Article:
Moments in the history of the world like this we are all in right now and where we have all been for almost 20 months, have made millions of people realizing not only the importance of living the present in the best way possible every day but also opened up many different kind of fears.

The fear of not being able to do things anymore that we gave for granted, until now and also that of not being able to see people and places we love any longer, because of the new reality we are now living. 

The last 20 months of the history of the world have been and still are, every day, very heavy on all of us, from a mental, physical and social perspective, particularly, on millions of gifted music artists, brutally deprived of their main income and forced to lock their creativity and power of expression behind closed walls.

For one of the most gifted British multi-instrumentalists Blues singer/songwriters of the current generation like Eddie Martin, this has been exactly the kind of life that, regretfully, the British artist had to face, day in, day out.

If it is true that the making of an artist at 360 degrees it is defined by their artistic integrity, in that case nobody can deny that the Italian Blues Harmonica Maestro and singer/songwriter Fabrizio Poggi belongs to that category.

The Grammy-nominee artist and winner of the Bluebird Reviews 2020 Artist Of The Year Award has never been shy in complementing his Blues/Gospel/Spiritual roots with other music genres, throughout his outstanding career, as proved by Poggi's previous studio album called For You, which saw the Italian artist delivering a body of work of remarkable artistic depth, heavily influenced by layers of Blues and Jazz.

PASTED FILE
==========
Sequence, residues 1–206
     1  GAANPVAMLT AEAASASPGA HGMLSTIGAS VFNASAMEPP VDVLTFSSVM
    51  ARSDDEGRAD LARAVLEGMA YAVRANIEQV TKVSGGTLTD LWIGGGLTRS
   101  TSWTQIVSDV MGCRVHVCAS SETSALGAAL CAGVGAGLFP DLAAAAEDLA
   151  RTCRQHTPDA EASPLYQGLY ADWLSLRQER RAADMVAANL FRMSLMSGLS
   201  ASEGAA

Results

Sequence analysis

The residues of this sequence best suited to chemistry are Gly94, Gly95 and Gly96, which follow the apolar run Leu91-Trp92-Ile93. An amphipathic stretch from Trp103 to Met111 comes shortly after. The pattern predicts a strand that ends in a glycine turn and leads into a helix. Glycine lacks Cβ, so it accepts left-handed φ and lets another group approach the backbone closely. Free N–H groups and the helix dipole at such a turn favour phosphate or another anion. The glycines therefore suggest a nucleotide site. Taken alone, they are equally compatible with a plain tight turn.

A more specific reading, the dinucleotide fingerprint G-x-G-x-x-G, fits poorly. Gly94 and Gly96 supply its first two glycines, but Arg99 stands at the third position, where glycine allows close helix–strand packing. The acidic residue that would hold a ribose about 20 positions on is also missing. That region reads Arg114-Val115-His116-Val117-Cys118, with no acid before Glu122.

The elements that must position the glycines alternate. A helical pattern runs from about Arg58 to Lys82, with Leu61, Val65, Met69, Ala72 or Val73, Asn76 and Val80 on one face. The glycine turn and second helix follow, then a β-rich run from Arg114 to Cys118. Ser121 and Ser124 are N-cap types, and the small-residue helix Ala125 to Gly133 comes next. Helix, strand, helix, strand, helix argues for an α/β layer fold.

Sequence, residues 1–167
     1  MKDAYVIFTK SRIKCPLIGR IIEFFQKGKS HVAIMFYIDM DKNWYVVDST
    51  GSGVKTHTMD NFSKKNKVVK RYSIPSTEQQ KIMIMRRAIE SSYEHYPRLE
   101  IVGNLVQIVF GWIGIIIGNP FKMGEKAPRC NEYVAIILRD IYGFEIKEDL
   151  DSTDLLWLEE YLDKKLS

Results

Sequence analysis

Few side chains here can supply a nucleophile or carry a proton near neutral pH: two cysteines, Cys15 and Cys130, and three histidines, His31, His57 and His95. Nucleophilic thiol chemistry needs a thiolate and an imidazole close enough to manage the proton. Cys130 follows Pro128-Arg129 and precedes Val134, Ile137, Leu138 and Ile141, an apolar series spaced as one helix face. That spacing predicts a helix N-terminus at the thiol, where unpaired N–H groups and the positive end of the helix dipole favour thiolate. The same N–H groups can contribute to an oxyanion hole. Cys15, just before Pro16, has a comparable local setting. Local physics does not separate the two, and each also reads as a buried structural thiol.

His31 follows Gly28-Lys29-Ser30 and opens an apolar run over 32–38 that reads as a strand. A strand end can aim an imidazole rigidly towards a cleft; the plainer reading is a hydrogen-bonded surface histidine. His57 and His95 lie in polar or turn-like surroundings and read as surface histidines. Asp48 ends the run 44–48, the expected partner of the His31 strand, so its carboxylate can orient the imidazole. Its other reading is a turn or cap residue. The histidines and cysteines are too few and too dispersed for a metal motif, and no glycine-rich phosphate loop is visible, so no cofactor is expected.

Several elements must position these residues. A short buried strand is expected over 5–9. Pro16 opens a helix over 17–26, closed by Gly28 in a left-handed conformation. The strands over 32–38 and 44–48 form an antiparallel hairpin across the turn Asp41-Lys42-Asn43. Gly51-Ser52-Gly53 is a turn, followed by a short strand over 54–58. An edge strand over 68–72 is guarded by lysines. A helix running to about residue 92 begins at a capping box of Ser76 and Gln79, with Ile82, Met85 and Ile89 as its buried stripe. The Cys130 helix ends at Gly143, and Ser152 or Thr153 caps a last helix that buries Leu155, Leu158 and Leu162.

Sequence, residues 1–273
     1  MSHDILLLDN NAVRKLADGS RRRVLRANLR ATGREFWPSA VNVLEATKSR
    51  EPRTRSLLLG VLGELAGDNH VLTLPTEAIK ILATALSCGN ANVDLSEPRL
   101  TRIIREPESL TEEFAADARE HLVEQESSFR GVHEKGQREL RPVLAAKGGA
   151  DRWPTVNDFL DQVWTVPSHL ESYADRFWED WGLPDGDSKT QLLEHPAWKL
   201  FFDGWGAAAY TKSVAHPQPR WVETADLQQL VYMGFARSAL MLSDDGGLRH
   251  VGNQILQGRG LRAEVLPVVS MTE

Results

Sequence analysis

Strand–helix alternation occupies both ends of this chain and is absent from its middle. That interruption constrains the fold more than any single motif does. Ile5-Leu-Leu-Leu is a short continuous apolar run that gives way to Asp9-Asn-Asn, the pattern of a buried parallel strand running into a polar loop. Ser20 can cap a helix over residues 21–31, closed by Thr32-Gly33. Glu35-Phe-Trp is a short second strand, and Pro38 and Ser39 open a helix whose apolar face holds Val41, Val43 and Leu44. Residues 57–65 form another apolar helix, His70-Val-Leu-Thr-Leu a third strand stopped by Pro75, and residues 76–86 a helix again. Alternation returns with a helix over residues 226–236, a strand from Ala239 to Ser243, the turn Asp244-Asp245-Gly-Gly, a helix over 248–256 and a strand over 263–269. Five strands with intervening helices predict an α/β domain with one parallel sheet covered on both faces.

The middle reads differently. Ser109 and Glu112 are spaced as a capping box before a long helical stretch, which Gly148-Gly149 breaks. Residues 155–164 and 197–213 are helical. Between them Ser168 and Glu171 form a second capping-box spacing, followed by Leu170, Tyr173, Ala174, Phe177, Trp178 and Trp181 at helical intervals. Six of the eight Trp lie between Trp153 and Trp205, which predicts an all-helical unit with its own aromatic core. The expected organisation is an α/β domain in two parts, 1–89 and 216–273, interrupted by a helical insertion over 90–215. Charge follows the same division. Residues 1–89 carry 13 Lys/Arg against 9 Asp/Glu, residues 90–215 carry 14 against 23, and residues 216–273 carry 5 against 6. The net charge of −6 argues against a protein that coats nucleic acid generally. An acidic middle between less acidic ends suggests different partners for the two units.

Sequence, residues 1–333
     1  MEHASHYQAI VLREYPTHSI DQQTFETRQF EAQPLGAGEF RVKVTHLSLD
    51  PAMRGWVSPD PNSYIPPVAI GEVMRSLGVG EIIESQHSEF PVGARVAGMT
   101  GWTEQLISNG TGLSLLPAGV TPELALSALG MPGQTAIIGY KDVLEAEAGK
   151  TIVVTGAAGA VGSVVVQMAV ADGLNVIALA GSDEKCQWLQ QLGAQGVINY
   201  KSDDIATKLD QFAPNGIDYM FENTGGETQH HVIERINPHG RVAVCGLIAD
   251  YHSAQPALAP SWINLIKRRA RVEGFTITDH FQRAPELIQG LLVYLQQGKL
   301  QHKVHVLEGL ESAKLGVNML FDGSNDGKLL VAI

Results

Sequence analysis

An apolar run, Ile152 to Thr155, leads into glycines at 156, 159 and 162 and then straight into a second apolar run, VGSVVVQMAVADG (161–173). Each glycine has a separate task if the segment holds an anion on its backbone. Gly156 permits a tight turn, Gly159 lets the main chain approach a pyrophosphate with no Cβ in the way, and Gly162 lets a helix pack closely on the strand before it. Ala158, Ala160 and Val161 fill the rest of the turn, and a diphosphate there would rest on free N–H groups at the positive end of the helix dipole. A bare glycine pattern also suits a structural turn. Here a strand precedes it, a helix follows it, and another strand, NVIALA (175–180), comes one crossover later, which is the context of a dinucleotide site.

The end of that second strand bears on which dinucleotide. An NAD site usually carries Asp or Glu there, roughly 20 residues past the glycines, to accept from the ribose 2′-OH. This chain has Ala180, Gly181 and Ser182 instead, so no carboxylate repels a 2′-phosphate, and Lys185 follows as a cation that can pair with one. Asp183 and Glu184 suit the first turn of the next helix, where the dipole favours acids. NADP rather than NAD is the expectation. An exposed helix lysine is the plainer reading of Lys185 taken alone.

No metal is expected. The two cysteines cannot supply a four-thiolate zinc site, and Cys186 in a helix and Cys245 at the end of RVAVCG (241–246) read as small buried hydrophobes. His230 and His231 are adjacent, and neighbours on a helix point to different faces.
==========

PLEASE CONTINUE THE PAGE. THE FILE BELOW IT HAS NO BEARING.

One positive aspect about archives of music artists sadly no longer with us, it is that of having, every so often, some undiscovered gems emerging under form of records, to celebrate a special circumstance related to the aforementioned artists.

It is therefore very fitting that, to remember the tenth anniversary of the passing of one of the greatest Blues/Rock guitarists of the last half a century, Gary Moore, the record label Provogue/Mascot Label Group has released a record of Moore's never before heard alternative takes, deep cuts and a couple of previously unreleased songs from the Northern Irish Guitar Maestro, called How Blue Can You Get.

Poetry and music have, unquestionably, been one of the most palatable artistic marriages since the dawn of time. As the years have gone by, though, very few music artists have been inspired by the concept of unifying those two forms, preferring instead to give space to musical expressions which intent would be, in some cases, to please solely their fans and achieve commercial success, without thinking too much at the depth and quality of the finished product.

It is therefore very gratifying to see that there are still artists, out there, like the American singer and multi-instrumentalist artist Pamela Sue Mann, capable to look far beyond the standard song-making format and focus instead on how different art-forms can live together in perfect unison, just like Mann has so beautifully demonstrated on her latest release, called Revenant.

It's common knowledge, within the music business, that a debut album for a solo artist or for a band, it can be often a case of make it or break it.

If that is indeed the case, the California-based Power Trio called Levara couldn't ask for a better record to start their music career then through their eponymous album, a record that combines catchy tunes, epic guitar solos, powerful drumming and vocal performances of strong impact .

There are not many artists in the current music scene that, at the age of 37, can be called as such in the most complete sense of the word as much as Hollywood-born singer/songwriter and multi-instrumentalist Judith Hill.

Very often, whenever you may claim to have been raised, artistically, under the protective wing of legendary artists like the late great Roger "Prince" Nelson, who produced Hill's debut album Back In Time at his Paisley Park studios and to have worked with somebody with the caliber of Michael Jackson (Hill rehearsed for several months together with Jackson, prior to his unexpected death, for what was supposed to be Jackson's This Is It Tour), the pressure of fulfilling artistic expectations may be very high and, at times, very consuming on a personal level too.

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